ARKHAM CITY: THE WORLD’S GREATEST FASCIST VIGILANTE REVENGE SIMULATOR [REVIEW]

Arkham City could be one of the greatest video games ever made. It could also be one of the most dangerous – in my opinion, at least.

Consider the set up. The sinister Hugo Strange, through his machinations, is given a significant chunk of Gotham City within which to imprison vast numbers of thugs, murderers, rapists and the occasional super-villain. The criminals are left to their own devices and quickly create their own fiefdoms from which they plunder and intimidate.

Introduced into this closed environment is the titular Batman, the billionaire detective and costumed vigilante equipped with a vast arsenal of gadgets and non-lethal weaponry, supported by what is essentially a well-staffed panopticon.

Weeeeeeee!

That’s kinda like sticking a xenomorph into a spacecraft piloted by a race of docile, lamblike creatures.

While there is a rather well-crafted, rewarding and complex plot that runs through the game, examining notions of freedom, authority and forgiveness, it really does play second fiddle to the true purpose of the game.

Leaping from the shadows to beat three kinds of effluvia from unsuspecting goons. 

Batman regretted purchasing tickets to 'The Gathering of the Juggalos'.

Once a few cursory introductory levels are completed, Batman is free to while away hours – nay, days – using the batclaw and his batcape to scale various towering edifices and leap from them onto unsuspecting thugs. From there, an intuitive combat system allows Bats to rearrange the musculoskeletal systems of face-painted thugs in a number of violent, amusing and cinematic ways.

If a simple beating isn’t enough, Batman is equipped with night-vision, smoke pellets, batarangs and explosive gel, all of which can be used to knock out criminals in a spectacular manner.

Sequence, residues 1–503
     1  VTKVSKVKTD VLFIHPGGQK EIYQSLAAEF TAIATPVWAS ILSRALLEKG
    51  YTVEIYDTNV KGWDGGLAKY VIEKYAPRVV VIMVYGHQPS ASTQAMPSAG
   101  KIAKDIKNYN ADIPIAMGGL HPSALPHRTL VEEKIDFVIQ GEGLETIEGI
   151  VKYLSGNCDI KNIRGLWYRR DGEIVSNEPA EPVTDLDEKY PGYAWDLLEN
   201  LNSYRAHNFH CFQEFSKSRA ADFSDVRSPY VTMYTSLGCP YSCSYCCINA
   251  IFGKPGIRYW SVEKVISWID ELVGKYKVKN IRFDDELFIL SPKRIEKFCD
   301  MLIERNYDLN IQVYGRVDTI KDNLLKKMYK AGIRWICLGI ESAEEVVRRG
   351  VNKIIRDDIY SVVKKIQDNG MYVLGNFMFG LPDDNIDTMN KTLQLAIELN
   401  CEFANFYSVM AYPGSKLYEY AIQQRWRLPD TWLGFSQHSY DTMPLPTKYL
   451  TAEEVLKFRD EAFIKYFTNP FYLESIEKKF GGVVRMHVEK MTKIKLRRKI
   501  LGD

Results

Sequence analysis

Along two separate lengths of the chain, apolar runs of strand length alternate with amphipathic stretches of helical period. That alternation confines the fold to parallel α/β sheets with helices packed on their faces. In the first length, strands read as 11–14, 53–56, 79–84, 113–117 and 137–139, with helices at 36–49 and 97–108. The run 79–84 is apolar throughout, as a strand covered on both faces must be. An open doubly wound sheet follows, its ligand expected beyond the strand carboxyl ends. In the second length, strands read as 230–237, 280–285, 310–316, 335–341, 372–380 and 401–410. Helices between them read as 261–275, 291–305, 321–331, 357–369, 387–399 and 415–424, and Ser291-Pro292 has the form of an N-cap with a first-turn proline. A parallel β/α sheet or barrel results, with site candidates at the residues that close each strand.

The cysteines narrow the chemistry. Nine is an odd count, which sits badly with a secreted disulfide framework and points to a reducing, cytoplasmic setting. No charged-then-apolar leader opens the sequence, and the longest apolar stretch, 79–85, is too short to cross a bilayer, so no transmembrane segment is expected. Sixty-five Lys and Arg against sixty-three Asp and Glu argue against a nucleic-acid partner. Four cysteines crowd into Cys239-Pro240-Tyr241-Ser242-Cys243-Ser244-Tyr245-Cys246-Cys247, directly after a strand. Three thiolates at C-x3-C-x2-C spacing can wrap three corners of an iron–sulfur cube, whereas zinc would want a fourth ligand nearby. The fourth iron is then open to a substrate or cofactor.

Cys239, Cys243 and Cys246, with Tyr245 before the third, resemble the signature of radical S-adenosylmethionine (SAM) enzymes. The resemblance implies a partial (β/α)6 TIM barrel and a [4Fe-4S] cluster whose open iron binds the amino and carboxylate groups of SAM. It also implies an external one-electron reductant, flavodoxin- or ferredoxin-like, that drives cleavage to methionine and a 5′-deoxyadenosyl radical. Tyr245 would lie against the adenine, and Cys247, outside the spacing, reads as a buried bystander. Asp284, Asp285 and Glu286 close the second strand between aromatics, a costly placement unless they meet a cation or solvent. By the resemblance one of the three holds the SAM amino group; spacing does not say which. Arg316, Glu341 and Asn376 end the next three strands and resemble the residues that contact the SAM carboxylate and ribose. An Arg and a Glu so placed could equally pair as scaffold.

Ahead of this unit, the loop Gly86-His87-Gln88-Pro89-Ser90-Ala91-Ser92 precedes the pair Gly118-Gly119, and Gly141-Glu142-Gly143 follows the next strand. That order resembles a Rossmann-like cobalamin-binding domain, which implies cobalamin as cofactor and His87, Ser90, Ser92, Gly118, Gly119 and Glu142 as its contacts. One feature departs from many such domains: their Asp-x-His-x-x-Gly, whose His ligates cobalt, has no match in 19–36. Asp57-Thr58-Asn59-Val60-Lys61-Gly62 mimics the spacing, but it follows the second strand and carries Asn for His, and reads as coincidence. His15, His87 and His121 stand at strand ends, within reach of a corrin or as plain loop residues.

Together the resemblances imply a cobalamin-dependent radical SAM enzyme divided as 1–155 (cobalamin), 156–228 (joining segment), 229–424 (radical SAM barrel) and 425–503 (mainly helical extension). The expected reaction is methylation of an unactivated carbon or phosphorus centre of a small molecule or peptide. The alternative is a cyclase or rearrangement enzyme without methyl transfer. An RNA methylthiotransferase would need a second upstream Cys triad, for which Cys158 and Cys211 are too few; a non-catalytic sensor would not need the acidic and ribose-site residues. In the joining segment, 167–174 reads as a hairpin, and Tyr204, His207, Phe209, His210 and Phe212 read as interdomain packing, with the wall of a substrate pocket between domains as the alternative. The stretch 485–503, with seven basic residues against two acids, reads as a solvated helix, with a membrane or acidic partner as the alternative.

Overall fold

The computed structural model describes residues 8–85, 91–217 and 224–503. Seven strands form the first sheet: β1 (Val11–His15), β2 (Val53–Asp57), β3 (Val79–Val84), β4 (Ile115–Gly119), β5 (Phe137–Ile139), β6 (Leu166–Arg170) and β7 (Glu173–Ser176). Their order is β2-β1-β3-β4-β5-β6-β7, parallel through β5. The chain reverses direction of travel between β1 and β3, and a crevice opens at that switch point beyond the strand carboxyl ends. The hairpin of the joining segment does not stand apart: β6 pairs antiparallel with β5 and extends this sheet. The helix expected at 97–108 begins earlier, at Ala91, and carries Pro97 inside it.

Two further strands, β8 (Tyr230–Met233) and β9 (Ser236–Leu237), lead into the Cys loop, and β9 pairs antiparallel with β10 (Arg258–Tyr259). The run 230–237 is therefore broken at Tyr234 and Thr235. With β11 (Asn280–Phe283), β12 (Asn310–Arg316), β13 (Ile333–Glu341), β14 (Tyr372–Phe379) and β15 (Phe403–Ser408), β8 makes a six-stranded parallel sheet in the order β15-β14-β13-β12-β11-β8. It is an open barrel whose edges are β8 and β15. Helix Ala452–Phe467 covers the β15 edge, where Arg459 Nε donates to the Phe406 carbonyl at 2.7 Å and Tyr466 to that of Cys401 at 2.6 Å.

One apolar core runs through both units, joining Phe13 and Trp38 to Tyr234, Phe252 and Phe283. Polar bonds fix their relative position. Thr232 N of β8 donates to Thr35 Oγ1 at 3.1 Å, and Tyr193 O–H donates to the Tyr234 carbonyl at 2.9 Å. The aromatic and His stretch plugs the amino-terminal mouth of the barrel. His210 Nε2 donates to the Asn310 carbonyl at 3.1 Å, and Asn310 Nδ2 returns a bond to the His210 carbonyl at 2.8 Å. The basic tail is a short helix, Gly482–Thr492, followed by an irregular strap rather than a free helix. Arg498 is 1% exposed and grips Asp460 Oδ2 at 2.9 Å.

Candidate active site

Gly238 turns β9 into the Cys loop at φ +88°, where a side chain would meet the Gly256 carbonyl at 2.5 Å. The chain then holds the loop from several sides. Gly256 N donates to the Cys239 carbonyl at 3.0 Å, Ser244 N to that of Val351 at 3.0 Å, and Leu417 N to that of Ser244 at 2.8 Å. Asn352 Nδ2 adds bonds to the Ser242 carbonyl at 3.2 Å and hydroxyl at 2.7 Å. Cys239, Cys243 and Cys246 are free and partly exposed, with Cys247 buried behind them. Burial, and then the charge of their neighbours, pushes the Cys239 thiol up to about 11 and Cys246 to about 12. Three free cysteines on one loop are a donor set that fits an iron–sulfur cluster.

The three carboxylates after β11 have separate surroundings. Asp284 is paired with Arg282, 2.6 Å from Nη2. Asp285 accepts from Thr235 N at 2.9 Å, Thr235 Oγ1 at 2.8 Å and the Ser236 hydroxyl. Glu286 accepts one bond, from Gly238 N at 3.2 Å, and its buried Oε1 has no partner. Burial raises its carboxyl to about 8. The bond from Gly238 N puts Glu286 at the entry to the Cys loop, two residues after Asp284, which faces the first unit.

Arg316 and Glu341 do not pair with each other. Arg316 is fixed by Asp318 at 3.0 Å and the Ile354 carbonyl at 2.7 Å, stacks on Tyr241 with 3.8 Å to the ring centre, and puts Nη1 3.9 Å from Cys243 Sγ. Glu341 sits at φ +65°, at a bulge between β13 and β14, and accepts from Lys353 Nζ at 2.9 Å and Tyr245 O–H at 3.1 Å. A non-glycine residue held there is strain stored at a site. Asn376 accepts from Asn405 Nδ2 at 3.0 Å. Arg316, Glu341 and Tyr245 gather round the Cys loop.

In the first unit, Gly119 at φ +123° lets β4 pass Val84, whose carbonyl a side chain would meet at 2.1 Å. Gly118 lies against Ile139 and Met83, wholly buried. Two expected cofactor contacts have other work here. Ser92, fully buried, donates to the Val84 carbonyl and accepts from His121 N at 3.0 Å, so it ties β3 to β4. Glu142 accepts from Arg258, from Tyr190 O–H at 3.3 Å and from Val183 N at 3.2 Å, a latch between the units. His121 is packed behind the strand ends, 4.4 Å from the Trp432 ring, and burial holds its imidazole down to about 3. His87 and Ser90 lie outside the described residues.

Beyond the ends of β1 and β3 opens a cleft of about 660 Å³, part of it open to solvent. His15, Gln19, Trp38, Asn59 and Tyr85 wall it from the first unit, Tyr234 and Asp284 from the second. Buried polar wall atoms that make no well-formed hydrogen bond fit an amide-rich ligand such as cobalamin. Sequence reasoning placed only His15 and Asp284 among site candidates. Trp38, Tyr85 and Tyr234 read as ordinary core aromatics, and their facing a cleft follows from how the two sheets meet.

It is horribly, disgustingly addictive stuff.

I say ‘horribly’ and ‘disgustingly’ because for the most part, Batman’s violence is unprovoked. The player is left to assume that containment within Arkham City is grounds for a gauntlet to the nose. For the most part, we have no idea what landed the endless series of goons, thugs and enforcers in the prison. We’re left to assume that because we’re Batman, that we know that these guys need to be punished.

It is, quite literally, like stunning fish in a barrel.

It’s not as if the prisoners within Arkham City have necessarily profited from their crimes, either. The goons are unformly clad in jumpsuits, parkas or tatty old clothes and constantly complain about how cold and hungry they are – food drops come once a day and it’s a case of first come, first served.

Taking a cue from current events, one could apply the ideology of the Occupy movement and describe Arkham City as the ‘1%’ hunting the ‘99%’.

'WHOSE STREETS? MY STREETS? THIS IS WHAT JUSTICE LOOKS LIKE!'

All of this is liberal pantywaist handwringing however. Arkham City is riotously fun, a decadently balls out addition to the Batman mythology that stands up next to any of the films and graphic novels portraying the character. It’s a Grand Guignol outing, revelling in the grim and gritty setting and drawing the player into the decaying heart of Gotham.

It features a compelling, complex storyline that’ll have you meeting some of Batman’s most formidable villains, all voiced to perfection by the majority of the cast of Batman: The Animated Series.

There’s hours of incidental criminal chatter, as you glide from rooftop to rooftop. Don’t ask me what I did to one poor unfortunate who asked what happened to my parents.

It has enough challenges, trophies and easter eggs to have you coming back for months – the kind you’ll be sitting on your morning commute wondering how to beat.

It’s a brilliant, brilliant game. A quality product. Just don’t get any ideas. It’s just a game.

Thanks to Warner Brothers Australia for supplying me with a copy of the game for review.

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About Mike Stuchbery

Teacher, Humorist, Writer
This entry was posted in Comics, Gaming (Video), Reviews and tagged , . Bookmark the permalink.

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